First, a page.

Five Ways Volunteering Can Help You Make a Career Change

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Five Ways Volunteering Can Help You Make a Career Change Five Ways Volunteering Can Help You Make a Career Change
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Five Ways Volunteering Can Help You Make a Career Change

by April Greene

October 10, 2012

Volunteering can be a great way to help make the leap between a private-sector and nonprofit career, or between two different areas of interest within the nonprofit world. What’s most likely to help you in your particular search will depend on where you’re coming from and where you want to go, but some benefits usually apply across the board:

1) Expanded personal and professional networks: People already working in your target field are great sources of information about job openings, affinity organizations, and people you should meet. If you have a good experience volunteering, your supervisor may serve as a reference when you’re applying to jobs. See the networking section of the Idealist Career Center for more on this actually-not-scary word.

2) New and transferable skills: Volunteering will help you develop new job skills as well as apply current skills in new ways. For example, a mid-career professional who has worked in concert promotions could use her marketing skills to help an organization with their fundraising or other mission-based events. A college student accustomed to doing research for school assignments could volunteer to research an issue or a demographic for a nonprofit. For inspiration about what skills you might share and an overview of some organizations’ current needs, peruse our information about volunteering at home or abroad, and search for volunteer opportunities anywhere on earth.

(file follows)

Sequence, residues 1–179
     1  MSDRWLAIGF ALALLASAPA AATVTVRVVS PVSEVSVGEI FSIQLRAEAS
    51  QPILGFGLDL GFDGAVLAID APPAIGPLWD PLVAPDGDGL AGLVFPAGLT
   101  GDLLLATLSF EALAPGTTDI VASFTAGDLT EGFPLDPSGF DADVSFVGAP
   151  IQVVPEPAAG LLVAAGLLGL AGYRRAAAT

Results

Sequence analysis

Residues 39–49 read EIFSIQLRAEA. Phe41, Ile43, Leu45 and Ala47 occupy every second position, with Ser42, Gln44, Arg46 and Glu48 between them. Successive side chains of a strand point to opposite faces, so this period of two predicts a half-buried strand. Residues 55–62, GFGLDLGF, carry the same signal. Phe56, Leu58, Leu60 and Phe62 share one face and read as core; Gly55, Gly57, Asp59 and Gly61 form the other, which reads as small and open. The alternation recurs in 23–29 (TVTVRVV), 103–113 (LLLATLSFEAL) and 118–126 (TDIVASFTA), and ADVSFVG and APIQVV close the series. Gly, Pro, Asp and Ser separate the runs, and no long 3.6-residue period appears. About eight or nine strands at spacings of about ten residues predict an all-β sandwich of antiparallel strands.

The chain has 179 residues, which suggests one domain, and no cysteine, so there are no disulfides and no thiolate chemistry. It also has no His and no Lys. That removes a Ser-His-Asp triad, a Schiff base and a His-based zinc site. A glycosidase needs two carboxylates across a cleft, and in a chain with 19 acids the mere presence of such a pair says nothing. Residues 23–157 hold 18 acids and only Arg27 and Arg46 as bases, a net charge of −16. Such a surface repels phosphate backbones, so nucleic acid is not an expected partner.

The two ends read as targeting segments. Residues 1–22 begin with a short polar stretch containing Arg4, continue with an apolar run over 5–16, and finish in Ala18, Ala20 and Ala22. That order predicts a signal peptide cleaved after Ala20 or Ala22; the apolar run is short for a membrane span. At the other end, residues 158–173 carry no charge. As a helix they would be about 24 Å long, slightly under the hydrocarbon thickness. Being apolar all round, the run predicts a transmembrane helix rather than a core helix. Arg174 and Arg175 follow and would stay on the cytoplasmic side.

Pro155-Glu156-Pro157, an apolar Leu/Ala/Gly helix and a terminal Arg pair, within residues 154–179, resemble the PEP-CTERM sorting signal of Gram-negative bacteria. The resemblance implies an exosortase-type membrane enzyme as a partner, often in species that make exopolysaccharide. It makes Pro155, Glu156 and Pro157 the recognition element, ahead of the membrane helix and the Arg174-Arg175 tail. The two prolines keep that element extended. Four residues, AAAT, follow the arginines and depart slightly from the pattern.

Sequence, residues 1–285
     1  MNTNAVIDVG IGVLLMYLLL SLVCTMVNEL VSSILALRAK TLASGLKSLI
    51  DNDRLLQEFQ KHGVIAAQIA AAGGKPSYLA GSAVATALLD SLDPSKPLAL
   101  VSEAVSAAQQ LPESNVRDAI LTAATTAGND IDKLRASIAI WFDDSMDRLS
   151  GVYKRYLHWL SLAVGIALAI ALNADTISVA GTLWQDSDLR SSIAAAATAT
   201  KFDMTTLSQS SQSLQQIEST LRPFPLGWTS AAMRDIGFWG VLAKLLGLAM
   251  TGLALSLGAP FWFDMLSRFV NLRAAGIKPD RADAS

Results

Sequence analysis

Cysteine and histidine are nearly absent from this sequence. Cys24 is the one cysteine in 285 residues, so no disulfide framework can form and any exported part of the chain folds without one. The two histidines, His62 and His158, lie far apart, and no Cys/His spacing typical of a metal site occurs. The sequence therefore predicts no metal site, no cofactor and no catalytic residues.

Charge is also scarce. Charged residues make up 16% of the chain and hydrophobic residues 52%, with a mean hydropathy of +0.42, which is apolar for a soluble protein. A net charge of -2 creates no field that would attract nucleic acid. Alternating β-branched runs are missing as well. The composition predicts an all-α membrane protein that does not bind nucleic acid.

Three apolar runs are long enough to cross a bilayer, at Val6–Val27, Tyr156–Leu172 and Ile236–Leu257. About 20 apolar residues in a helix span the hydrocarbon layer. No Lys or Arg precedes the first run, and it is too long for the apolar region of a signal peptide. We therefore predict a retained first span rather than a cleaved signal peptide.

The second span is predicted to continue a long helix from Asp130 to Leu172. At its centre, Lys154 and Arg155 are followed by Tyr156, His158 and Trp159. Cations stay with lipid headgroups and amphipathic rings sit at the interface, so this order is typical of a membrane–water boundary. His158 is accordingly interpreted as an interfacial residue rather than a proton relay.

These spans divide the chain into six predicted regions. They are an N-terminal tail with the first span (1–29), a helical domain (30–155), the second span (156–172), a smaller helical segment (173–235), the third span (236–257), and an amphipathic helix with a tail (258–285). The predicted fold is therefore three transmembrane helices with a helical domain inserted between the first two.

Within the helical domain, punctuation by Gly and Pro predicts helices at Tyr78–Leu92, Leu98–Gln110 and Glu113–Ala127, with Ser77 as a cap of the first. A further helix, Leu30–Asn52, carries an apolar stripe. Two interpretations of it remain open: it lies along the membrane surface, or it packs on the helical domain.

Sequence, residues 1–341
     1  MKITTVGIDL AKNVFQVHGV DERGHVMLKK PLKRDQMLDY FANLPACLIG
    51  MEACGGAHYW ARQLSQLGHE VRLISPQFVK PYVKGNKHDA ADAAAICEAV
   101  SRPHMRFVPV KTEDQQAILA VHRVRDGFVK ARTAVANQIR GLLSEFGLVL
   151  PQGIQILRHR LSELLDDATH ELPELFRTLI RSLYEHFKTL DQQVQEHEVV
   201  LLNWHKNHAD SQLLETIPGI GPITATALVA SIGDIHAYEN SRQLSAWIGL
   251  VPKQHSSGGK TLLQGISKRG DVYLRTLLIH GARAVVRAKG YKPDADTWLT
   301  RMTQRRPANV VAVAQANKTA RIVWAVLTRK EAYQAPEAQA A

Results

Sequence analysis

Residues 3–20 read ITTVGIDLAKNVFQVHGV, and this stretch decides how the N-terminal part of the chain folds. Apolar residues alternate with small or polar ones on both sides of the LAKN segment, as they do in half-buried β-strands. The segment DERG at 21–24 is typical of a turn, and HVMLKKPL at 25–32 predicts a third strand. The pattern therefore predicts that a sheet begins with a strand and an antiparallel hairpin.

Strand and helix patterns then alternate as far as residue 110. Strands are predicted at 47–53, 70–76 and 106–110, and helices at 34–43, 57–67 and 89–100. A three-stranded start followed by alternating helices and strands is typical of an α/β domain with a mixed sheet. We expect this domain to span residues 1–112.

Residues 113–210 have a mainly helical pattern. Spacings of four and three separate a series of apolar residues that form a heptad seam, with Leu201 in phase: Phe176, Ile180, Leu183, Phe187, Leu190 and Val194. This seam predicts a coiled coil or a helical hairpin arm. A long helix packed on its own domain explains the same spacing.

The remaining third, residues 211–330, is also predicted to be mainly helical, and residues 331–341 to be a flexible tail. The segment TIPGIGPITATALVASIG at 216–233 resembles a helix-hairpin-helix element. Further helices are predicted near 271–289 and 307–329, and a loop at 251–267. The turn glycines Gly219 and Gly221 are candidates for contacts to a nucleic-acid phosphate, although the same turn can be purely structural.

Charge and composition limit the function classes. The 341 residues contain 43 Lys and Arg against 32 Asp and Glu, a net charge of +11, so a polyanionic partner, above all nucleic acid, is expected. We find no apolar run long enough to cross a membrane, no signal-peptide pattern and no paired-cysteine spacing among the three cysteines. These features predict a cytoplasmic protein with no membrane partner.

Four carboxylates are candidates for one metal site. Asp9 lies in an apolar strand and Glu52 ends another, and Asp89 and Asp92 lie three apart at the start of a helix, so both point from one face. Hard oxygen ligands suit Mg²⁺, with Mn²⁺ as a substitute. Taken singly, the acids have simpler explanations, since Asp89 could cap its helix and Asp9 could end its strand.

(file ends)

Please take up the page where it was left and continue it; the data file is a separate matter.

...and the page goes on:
3) Career exploration: Volunteering allows you to try on different organizations, roles, issues, etc., without job-hopping. Of course, volunteering isn't the same as being on staff, but it can expose you to the work of an organization in a deeper way than becoming a member, following it on Twitter, or even conducting an informational interview with an employee.

4) Track record of work on a specific cause: Nonprofits value dedication to their issue area. By turning your values into action, you will demonstrate to your potential employer that you are committed to—and educated about—their issue of concern.

5) Hiring managers value volunteerism: Having volunteer work on your resume can help you stand out. In Idealist’s latest “Voices From the Sector” surveys of U.S. organizations and job seekers, almost 65 percent of nonprofit hiring managers said they consider volunteer experience to be at least “somewhat important” when selecting candidates.

If this sounds good but you’re wondering how to define the best volunteer fit for you, have a go at the Five Lenses Framework in Idealist’s Career Center. Developed for those starting down a new career path, but equally viable for those seeking productive volunteer work, the exercise can help you better understand what really draws you to nonprofit work, and consequently how to design a search that will serve your strongest interests.

For a full description of the Five Lenses and other exercises and tools to help you decide on the best volunteer and career paths for you, check out the Idealist Guides to Nonprofit Careers for First-Time Job Seekers and Sector Switchers, both available as free downloads.

Photo via Flickr (cc) user Bman2011

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